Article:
It will be the battle of the century between the left and the right, democracy and authoritarian intolerance, reason and paranoia, with importance not only for Brazil but for the entire world.
Iconic Workers' Party (PT) leader and former president Luiz Inacio Lula da Silva won the first round of Brazil's presidential election on Sunday as expected.
But after a much more favorable result than the polls predicted, the ultra-conservative president Jair Bolsonaro will face Lula in a second round on October 30. Everything indicates that the next phase of this epic political confrontation will be more polarizing and possibly violent than a campaign that has already set itself apart from all others by Bolsonaro's acts of aggression and contempt for democratic culture.
With 98% of the votes counted, Lula had 48% of the votes compared to 43.5% for Bolsonaro: a difference of more than five million votes. The votes of some municipalities of Lula's fiefdoms in the northwest of the country have yet to be counted, so that the advantage would widen.
Lula will be the favorite in the second round, but after a margin of seven or eight points lower, an unexpected victory for Bolsonaro cannot be completely ruled out, an eventuality of great international concern, above all because of its consequences for the protection of the Amazon. .
The eight million votes for the minor candidates already eliminated were scarce in a strongly polarized first round between Lula and Bolsonaro, two politicians who arouse love and hate in Brazil. But they will decide the result since a transfer of votes from Lula to Bolsonaro or vice versa seems highly unlikely.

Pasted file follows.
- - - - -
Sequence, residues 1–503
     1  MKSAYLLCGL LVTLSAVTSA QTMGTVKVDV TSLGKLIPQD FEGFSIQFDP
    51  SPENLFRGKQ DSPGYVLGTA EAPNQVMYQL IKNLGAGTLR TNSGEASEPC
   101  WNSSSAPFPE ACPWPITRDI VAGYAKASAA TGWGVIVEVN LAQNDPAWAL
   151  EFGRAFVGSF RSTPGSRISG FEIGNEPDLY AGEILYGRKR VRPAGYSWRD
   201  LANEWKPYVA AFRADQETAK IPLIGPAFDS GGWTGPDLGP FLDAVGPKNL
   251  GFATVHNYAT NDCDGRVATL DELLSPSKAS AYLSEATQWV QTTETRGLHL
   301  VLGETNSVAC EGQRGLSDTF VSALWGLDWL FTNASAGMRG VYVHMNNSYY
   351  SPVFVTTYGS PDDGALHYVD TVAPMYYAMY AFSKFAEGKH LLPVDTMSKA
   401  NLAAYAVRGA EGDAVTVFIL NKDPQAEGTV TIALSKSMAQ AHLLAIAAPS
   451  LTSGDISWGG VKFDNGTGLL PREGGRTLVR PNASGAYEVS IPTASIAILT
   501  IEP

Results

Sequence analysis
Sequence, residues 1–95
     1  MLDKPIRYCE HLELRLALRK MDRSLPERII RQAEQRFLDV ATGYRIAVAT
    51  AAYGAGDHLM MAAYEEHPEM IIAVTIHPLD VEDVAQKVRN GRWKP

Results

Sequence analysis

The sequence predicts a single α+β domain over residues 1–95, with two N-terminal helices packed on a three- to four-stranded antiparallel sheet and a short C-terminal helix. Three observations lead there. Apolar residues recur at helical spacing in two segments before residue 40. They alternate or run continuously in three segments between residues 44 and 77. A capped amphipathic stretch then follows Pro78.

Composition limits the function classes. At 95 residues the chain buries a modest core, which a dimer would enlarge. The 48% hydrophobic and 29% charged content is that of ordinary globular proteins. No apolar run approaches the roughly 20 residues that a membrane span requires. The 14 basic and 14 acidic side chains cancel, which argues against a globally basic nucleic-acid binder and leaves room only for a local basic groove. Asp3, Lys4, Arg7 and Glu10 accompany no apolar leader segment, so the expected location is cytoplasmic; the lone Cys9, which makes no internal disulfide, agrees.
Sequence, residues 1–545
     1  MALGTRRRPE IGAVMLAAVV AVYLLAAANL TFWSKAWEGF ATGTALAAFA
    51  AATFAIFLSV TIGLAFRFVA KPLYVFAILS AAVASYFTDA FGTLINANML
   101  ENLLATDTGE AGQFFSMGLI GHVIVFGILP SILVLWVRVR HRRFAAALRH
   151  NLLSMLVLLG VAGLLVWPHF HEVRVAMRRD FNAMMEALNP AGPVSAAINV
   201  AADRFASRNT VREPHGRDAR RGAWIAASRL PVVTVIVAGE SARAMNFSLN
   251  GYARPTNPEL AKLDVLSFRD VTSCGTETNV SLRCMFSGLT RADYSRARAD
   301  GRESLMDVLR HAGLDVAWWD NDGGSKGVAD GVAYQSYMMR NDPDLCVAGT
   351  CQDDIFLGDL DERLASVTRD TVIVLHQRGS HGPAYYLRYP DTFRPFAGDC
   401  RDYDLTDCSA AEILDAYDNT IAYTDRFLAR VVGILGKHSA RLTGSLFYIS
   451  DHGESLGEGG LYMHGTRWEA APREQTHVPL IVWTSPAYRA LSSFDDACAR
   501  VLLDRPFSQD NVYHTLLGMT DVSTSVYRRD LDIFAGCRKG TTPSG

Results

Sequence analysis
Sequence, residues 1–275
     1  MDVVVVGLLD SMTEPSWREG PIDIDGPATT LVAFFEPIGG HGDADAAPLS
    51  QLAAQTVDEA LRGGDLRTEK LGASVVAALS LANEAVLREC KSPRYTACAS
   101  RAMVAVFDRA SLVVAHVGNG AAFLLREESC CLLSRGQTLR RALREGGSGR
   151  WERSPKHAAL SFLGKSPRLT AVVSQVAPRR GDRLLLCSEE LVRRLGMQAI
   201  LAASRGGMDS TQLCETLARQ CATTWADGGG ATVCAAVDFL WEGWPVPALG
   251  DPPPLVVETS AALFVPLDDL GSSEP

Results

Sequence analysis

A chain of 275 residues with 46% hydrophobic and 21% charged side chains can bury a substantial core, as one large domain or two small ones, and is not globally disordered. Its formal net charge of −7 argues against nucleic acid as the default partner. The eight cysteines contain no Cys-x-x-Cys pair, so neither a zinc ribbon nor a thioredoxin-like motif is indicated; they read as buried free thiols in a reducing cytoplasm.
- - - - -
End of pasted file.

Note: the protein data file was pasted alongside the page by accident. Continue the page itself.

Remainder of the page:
Lula has won and there will be PT celebrations on Avenida Paulista in Sao Paulo. But Bolsonarism, which many believed defeated, emerges stronger from election night. Not only because Lula's margin of victory is much narrower than previously thought, but also because in the congressional and gubernatorial elections in 27 states, the right has triumphed.
Confronted with almost all the institutions of the right-wing state and the big media, and isolated internationally, Bolsonaro has managed to convince more than 50 million Brazilians with a militaristic discourse of the extreme right, stuffed with conspiracy theories and rage against minorities and invented enemies.
After the victories of senators and governors linked to the hard right and evangelical conservatism, "it is not just Bolsonaro but a proof of the conservative strength in Brazil that they had underestimated," said Fernando Gabeira, the former PT writer affiliated with the Green Party.
The most notable conservative victories were the triumph in the Federal District of Brasilia, of the rational evangelical Damares Alves in the senate election and, in the southern state of Plana, the victory of the conservative judge who imprisoned Lula in 2018, Serge Moor.
The political force that is growing strongly at the moment in Brazil - a country in which 20 churches have been opened per day over the last decade - is evangelism with at least 30% of the electorate, 92 deputies and, maybe In turn, Bolsonaro's secret weapon: his young and attractive neo-Presbyterian wife Michelle. "They persecute us Christians, but Bolsonaro is the representative of God and he will win in the first round," said Dircea, a black woman, formerly homeless, now an evangelical missionary of the Universal Church in Copacabana.